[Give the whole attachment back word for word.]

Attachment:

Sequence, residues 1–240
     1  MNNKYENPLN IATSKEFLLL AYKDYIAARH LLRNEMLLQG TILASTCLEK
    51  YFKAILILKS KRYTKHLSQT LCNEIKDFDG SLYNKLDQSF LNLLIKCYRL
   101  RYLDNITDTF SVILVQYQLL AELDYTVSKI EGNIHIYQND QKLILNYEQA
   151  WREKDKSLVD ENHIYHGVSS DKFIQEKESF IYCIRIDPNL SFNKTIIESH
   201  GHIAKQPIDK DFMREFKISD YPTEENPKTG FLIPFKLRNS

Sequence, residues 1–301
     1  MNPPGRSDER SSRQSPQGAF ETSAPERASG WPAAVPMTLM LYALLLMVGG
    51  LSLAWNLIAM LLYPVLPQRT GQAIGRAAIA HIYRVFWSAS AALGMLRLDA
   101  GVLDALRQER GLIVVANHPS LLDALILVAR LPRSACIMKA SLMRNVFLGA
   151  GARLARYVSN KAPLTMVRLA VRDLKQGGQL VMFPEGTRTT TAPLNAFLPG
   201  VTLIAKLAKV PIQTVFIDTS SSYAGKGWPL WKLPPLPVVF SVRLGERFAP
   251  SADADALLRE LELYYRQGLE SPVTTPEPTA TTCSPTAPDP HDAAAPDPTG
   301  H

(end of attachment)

Sequence, residues 1–240
     1  MNNKYENPLN IATSKEFLLL AYKDYIAARH LLRNEMLLQG TILASTCLEK
    51  YFKAILILKS KRYTKHLSQT LCNEIKDFDG SLYNKLDQSF LNLLIKCYRL
   101  RYLDNITDTF SVILVQYQLL AELDYTVSKI EGNIHIYQND QKLILNYEQA
   151  WREKDKSLVD ENHIYHGVSS DKFIQEKESF IYCIRIDPNL SFNKTIIESH
   201  GHIAKQPIDK DFMREFKISD YPTEENPKTG FLIPFKLRNS

Sequence, residues 1–301
     1  MNPPGRSDER SSRQSPQGAF ETSAPERASG WPAAVPMTLM LYALLLMVGG
    51  LSLAWNLIAM LLYPVLPQRT GQAIGRAAIA HIYRVFWSAS AALGMLRLDA
   101  GVLDALRQER GLIVVANHPS LLDALILVAR LPRSACIMKA SLMRNVFLGA
   151  GARLARYVSN KAPLTMVRLA VRDLKQGGQL VMFPEGTRTT TAPLNAFLPG
   201  VTLIAKLAKV PIQTVFIDTS SSYAGKGWPL WKLPPLPVVF SVRLGERFAP
   251  SADADALLRE LELYYRQGLE SPVTTPEPTA TTCSPTAPDP HDAAAPDPTG
   301  H